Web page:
CERN Accelerating science

European Organization for Nuclear Research

Aerospace Applications

Aerospace is a field in which CERN is playing a critical and increasingly recognised role from both the scientific and the technological point of view. This domain is considered as highly strategic by many of CERN's institutional and industrial partners in the Member States and beyond.

Both space missions and underground accelerator and detector infrastructures have to deal with extremely harsh environments, posing stringent technological requirements that often overlap. In addition, the exploration of the smallest and largest structures of the Universe requires instruments and data exploitation systems capable of the highest achievable performances.

CERN's technologies, facilities and know-how have concrete applications in space, and the KT Group is committed to exploring synergies and establishing partnerships with institutional, research and commercial organisations active in the aerospace sector.

Feel free to contact the Aerospace Applications Coordinator for more information.


Institutional collaborations

CERN is establishing and implementing a growing network of collaboration partnerships with leading European aerospace organisations.

Agreements already signed:


Supported space missions

Several space missions dedicated to fundamental physics (e.g., astroparticle physics and cosmology), in development or exploitation phase, are CERN Recognized Experiments and benefit to various extents of CERN support. In many cases the instruments have been calibrated using CERN’s particle beams. Sometimes CERN’s technologies and know-how are used in the payload, platform or ground segment.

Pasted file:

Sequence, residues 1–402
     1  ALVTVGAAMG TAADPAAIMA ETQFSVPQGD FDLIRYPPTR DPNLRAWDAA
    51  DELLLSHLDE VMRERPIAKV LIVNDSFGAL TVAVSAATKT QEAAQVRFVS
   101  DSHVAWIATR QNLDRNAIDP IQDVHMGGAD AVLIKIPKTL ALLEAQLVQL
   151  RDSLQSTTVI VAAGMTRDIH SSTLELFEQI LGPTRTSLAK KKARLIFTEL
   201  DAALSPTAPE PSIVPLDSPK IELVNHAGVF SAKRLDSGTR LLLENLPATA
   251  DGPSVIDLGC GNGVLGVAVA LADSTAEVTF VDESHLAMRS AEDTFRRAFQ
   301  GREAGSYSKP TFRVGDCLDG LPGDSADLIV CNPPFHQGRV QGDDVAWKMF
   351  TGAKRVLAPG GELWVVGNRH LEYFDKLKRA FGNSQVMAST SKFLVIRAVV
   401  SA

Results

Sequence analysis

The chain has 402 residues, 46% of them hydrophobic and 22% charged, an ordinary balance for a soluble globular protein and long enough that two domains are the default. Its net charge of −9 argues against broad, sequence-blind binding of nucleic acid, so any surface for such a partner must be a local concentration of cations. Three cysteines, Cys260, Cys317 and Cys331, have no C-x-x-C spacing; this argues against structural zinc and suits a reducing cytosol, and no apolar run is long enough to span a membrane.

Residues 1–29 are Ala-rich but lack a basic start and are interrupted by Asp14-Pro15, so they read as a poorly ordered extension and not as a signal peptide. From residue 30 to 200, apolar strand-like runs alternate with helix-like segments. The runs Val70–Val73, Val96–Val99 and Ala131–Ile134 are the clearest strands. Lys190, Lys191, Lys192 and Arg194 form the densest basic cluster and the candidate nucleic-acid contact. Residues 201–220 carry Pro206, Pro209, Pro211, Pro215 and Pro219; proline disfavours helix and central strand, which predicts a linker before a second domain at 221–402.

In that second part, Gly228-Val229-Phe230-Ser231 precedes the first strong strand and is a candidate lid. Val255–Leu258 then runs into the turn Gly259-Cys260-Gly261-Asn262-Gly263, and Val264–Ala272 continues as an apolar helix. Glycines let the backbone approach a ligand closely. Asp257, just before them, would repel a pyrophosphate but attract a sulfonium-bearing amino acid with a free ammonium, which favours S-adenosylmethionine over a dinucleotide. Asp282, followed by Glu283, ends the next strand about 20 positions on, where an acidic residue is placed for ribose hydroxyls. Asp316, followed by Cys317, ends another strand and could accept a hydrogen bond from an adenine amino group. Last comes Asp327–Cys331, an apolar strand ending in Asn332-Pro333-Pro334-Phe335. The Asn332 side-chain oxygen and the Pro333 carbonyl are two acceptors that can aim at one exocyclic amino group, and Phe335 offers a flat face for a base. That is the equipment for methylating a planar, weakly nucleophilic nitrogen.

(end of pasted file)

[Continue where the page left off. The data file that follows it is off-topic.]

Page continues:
Missions in exploitation phase:

Missions in development phase:

  • Euclid                   

Completed missions:

  • Planck                        


CERN supports or has supported also other space missions in exploitation phase, with space science, earth observation and/or educational purposes:

  • NUCLEON                
  • UNOSAT                   
  • PROBA-V                 
  • LUCID                       


Technologies and demonstrators

CERN is actively involved in the development and qualification of technologies with proven or potential aerospace applications. The main technical fields where strong synergies have so far been identified and are being explored are:

- Radiation modelling, monitoring, shielding and testing

- Microelectronics design, development and characterisation

- Thermal management (advanced materials with extreme thermal conductivity properties, cryogenic systems, micro-channel and micro heat pipe technologies)

- High power microwave phenomena (including RF breakdown and multipactor effects)

- Vacuum technology and surface science

- Detectors and space instrumentation technologies

- Microtechnologies (sensors and actuators)

- Big data acquisition, distribution, analysis and storage

- Technologies for safety


Some significant examples:

Timepix detector